The following is an excerpt of Indigenous Rights Radio interviews conducted with Indigenous leaders about their reflections on the accomplishments and challenges of the UN Declaration on the Rights of Indigenous Peoples.
Myrna Cunningham (Miskita), President of Latin American and Caribbean Fund of Indigenous Peoples Development, President of Center for Autonomy and Development of Indigenous Peoples
After 10 years, we have to recognize that in the cases where we have gained recognition as Indigenous Peoples with the right to self-determination, it has been much easier to advance the recognition of other rights. I think we have advanced, but at the same time we have to recognize that the adoption of the Declaration was in a very conflicted context at the international level; a context where neoliberal measures were taken in many countries where there is a model of economical development against Indigenous rights.
In Latin America, a majority of the countries have recognized Indigenous Peoples, and there are favorable legislations that recognize the rights of Indigenous Peoples. In Nicaragua, we have gained self-determination through the establishment of two autonomous regions in almost 50 percent of the Nicaraguan territory, where we exercise self-government through a multi-ethnic region. We have also gained land rights; over 30 percent of Nicaraguan territory has been recognized as Indigenous territories. In the case of Bolivia, the constitution recognizes the rights of the Indigenous Peoples as a nation.The coalition, or the composition, of different nations is the pattern of the Bolivian state. They have also established autonomy for different communities; they have established their first autonomous community through elections that are supervised by the national election body.
In the case of Colombia, Indigenous communities have also gained rights to self-govern health and education in their territories. We can find in Latin America some cases in which Indigenous Peoples have been able to gain self-governance recognition. In some cases there is an advance of pluralistic legal systems where Indigenous administrations are recognized.
We have gained more in Latin America compared to other regions, but things are not ensured because you may find in Latin America different tensions or conflicts between Indigenous Peoples and enterprises that have received concession from the governments to do mining and extraction in Indigenous territories.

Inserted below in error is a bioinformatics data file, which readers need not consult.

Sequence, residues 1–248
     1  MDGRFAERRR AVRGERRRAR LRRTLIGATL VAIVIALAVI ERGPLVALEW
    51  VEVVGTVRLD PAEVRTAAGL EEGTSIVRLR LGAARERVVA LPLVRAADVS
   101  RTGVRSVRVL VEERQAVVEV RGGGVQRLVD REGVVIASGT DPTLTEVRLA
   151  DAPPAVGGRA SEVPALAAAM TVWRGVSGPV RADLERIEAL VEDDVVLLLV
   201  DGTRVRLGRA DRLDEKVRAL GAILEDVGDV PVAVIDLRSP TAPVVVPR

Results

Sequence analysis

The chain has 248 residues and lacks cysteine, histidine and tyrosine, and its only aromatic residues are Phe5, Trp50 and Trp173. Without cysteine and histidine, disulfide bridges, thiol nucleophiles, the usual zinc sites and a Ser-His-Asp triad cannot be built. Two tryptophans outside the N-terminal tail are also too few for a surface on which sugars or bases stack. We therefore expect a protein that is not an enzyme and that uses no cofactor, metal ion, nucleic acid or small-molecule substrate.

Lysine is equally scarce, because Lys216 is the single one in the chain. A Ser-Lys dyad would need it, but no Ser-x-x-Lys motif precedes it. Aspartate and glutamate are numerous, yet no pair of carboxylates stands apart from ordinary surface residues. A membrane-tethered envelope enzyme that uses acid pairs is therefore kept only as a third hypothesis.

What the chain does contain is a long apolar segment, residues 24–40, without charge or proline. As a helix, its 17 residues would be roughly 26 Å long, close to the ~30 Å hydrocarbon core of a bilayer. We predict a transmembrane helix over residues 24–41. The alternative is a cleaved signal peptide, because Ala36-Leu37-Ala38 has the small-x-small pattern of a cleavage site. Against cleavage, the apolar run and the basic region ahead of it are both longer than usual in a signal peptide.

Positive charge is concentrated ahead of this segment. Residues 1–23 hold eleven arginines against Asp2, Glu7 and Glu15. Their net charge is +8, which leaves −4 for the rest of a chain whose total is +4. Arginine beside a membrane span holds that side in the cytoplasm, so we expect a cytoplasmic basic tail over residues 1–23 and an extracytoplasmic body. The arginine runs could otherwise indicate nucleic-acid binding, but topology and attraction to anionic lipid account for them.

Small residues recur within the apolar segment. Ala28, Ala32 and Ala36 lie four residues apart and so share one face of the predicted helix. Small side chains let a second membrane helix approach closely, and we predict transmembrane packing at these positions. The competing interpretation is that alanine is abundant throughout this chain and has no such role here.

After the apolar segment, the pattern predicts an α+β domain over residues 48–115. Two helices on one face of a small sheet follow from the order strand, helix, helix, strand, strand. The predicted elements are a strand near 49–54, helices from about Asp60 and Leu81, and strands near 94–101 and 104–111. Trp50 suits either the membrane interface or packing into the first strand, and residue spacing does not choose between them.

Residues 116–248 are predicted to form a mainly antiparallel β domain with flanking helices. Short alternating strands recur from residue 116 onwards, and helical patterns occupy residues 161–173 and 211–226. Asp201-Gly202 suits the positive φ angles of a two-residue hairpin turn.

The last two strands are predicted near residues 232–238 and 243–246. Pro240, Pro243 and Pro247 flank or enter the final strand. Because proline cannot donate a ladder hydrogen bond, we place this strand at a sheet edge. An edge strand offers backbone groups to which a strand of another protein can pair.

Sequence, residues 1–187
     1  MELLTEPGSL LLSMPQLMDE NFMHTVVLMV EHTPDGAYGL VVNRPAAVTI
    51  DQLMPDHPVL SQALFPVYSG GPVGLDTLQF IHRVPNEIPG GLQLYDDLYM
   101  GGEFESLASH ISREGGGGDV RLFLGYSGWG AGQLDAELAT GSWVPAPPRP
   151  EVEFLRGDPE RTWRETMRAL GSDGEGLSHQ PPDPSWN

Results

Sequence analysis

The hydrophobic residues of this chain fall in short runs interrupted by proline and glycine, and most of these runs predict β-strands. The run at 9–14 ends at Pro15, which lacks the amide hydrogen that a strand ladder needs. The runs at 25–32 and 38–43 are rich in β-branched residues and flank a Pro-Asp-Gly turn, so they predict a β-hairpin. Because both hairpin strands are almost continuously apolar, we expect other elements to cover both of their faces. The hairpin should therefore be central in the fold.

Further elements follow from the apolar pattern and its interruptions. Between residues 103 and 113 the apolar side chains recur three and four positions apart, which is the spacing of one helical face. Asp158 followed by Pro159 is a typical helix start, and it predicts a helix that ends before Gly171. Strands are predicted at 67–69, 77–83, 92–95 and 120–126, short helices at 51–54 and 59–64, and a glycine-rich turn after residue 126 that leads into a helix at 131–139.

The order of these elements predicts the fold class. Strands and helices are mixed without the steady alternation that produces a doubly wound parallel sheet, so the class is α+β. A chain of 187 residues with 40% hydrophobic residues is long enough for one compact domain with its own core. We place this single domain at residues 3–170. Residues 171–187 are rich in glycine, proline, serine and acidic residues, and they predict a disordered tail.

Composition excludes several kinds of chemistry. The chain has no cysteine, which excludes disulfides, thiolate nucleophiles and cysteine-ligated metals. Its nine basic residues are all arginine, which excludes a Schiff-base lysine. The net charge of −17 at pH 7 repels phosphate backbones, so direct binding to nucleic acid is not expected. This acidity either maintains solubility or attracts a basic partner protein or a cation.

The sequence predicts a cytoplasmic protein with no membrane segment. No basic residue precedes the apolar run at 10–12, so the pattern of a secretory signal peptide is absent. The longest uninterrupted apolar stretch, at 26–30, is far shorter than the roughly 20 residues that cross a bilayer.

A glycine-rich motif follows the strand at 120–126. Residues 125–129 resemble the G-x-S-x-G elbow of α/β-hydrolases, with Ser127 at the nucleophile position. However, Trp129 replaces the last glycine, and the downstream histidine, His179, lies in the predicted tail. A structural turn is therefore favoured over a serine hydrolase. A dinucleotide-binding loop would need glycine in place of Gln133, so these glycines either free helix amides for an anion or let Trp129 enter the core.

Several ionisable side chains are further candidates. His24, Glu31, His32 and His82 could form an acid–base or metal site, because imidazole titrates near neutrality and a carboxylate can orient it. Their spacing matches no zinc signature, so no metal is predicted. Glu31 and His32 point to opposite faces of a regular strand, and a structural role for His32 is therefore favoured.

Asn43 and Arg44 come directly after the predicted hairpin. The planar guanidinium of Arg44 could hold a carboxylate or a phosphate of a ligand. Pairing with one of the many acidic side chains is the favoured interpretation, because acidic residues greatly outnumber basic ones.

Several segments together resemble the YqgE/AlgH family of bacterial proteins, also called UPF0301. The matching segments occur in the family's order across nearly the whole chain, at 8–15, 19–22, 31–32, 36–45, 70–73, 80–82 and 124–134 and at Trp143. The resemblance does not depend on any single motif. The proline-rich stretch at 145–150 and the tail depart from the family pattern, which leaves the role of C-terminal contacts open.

If we look at it internationally, in the last decade it has been very important to see the political wins of Canada and Australia to adopt the Declaration. Initially, these two countries did not support the Declaration. So just the fact that they have recognized and adopted it has been an important step. In the case of Canada, we have seen a switch in the government’s position in the last year. They are beginning to discuss with Indigenous organizations to address problems they are facing. In the case of Australia, there has been political discourse to supporting Indigenous Peoples’ rights. Recently, there was a visit by the UN Special Rapporteur to Australia, and she was able to identify a lot of problems; for example, the high rate of incarceration of Indigenous Peoples in Australia.
In the case of Africa, we have seen very little movement in relation to Indigenous Peoples. However, I would like to highlight that in Congo there is a forestry act that recognizes Indigenous communities; the constitution of Kenya also recognizes marginalized communities including pastoralists and nomads; and there was also the adoption of ILO Convention 169 by Central African Republic in 2010. The African Commission on Human Rights have been very open to discuss the fact that in Africa there are Indigenous people, and they also support them. In the case of Asia, we are also seeing in some countries there having negotiations regarding Indigenous rights. In Nepal, in the Philippines, there has been some movement. There are more possibilities to open avenues for discussions between governments and Indigenous Peoples in different countries.
Photo by Whitney Minthorn, GCG Media Team.